Experiential therapies have developed thanks to existential humanist models. These approaches like those that come from the European existential phenomenological tradition and those that started from the American phenomenon of humanistic psychology.
- 1 Origin of Experiential Therapy
- 2 Characteristics of experiential therapies
- 3 Historical trajectory of experiential therapies
Origin of Experiential Therapy
These models group a series of approaches:
- From differentiated evolution, although parallel.
- They influence each other, but
- each approach very clearly safeguards its identity and differentiation from the others,
- their development is more technical - we clearly look for practical intervention responses - than theoretical - they are not interested in developing a psychological megateoria about human functioning.
Experiential models emerged from the need to build a psychology from the study of work with the healthy person, and not from people with severe neurosis or psychosis.
Experiential models propose to stop thinking in terms of illness, whether present or future, to start conceiving life in terms of an update or realization of biopsychosocial potentials.
Thus, the humanist attitude conceives man as capable of a balanced behavior in a spontaneous way that leads him to fullness, development, freedom, independence and full realization.
In fact, this attitude arose in the sixties as opposition to three elements:
- The dominant current of the industrial society American and the specific type of thought it produces, which imposes goals and ends beyond man's natural interests.
- The evaluative and diagnostic attitude of classical psychology, and its use for social control.
- Freudian pessimism and the cold objectivism of behaviorism. His approach was as an antidote to the psychological currents of the time, which man perceived in a pessimistic and mechanical way.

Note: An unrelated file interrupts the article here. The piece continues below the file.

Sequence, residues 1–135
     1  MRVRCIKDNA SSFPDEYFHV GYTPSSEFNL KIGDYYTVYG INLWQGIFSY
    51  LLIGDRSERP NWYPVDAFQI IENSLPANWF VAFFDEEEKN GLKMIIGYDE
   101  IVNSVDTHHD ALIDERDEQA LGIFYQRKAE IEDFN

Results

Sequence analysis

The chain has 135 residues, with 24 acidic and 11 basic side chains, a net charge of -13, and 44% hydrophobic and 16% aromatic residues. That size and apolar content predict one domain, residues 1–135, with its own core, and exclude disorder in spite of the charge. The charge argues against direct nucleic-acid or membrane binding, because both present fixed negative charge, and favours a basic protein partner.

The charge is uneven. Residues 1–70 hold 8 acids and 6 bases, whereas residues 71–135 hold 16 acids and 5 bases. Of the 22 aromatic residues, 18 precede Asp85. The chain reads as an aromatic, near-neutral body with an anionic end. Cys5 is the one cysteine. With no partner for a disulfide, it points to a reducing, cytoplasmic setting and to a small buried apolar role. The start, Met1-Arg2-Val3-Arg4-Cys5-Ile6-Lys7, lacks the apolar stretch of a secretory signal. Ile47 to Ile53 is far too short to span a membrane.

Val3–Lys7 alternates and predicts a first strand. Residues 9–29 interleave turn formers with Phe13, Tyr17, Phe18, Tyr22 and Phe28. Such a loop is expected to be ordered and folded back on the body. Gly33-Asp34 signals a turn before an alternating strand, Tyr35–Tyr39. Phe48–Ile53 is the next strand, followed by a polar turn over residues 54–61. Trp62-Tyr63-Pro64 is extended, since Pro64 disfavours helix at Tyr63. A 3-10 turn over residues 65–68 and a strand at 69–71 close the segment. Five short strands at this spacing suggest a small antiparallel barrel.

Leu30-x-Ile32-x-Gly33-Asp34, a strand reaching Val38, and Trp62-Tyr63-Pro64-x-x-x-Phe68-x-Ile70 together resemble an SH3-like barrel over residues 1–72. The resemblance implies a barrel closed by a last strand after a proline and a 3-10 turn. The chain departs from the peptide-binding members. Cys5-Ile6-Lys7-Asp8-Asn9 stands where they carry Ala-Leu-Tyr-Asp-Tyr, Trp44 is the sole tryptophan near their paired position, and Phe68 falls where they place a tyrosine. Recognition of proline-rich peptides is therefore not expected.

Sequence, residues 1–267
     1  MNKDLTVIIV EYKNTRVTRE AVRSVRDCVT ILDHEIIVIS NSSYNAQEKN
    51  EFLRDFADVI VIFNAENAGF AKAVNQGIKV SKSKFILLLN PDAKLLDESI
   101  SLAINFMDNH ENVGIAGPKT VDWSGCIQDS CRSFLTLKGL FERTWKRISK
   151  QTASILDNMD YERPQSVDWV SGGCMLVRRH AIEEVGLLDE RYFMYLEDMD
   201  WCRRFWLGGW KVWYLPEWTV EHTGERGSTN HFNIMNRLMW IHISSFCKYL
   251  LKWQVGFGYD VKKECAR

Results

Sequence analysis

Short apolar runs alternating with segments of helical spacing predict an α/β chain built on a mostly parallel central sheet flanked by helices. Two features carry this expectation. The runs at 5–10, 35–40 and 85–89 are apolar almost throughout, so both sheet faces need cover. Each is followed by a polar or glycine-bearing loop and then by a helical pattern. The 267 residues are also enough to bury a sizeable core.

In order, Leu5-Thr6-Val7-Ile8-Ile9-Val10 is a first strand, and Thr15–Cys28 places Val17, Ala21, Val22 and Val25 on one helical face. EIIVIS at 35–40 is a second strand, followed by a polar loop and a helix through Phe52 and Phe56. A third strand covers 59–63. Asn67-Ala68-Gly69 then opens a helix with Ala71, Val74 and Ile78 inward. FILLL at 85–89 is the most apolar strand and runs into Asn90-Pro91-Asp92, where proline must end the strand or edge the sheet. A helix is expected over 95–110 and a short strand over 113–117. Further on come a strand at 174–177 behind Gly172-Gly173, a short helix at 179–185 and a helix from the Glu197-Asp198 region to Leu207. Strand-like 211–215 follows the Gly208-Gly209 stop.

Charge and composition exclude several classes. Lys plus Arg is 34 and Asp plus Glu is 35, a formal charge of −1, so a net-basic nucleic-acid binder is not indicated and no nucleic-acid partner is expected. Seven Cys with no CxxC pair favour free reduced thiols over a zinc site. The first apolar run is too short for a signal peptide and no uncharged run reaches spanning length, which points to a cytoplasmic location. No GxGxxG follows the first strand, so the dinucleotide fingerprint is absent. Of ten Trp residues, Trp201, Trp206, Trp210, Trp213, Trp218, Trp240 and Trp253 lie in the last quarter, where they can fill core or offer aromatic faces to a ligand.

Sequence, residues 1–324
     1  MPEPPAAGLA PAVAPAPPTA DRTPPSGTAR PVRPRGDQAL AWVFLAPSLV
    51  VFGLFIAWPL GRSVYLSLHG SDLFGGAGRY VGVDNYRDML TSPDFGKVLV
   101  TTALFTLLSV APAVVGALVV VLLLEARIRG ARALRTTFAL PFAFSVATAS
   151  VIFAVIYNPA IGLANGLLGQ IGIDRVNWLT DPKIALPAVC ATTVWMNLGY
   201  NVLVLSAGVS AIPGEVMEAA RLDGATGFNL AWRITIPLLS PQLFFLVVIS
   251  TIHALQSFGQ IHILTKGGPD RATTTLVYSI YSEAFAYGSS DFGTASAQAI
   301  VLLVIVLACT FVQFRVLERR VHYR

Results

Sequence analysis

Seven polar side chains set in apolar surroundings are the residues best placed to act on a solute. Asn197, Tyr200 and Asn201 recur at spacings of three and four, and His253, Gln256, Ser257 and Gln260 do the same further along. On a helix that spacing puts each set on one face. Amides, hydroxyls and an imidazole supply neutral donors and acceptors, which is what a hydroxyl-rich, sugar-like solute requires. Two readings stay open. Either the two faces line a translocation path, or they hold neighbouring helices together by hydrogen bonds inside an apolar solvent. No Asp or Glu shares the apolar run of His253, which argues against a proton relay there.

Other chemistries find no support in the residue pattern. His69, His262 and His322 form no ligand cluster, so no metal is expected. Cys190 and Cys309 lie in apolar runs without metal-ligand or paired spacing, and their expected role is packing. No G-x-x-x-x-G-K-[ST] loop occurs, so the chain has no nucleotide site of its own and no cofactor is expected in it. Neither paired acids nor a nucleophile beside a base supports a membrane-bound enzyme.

As background of the humanist movement and, therefore, also of experiential therapies we find the following:
- The phenomenological psychiatry of Jaspers, who tried to empathize with the subjective experiences of the mentally ill through a thorough description of their psychopathological pictures.
- Binswanger's existential analysis, which addressed the analysis of psychopathology from the perspective that was a deviation from the fact of being in the world, that is, the way we position ourselves before the responsibility of existing and being free.
- Frankl Logotherapy, whose position advocates that the therapist's task is to help the patient find meaning in his life.
Although it is currently described by many as naive, at the time the humanist movement allowed to group around its ideas a considerable group of thinkers, who gave ideological support to the social movements of the sixties and seventies in the United States, to extend later throughout the western civilization.
Characteristics of experiential therapies
Experiential models give a vision of man as being unique and different, endowed with a project and in search of meanings that give some importance in your life.
Within the humanist movement there is an important approach, it is the transactional analysis of E. Berna, which had a great development and many applications in the seventies and eighties with the analysis of the script of life, games and transactions.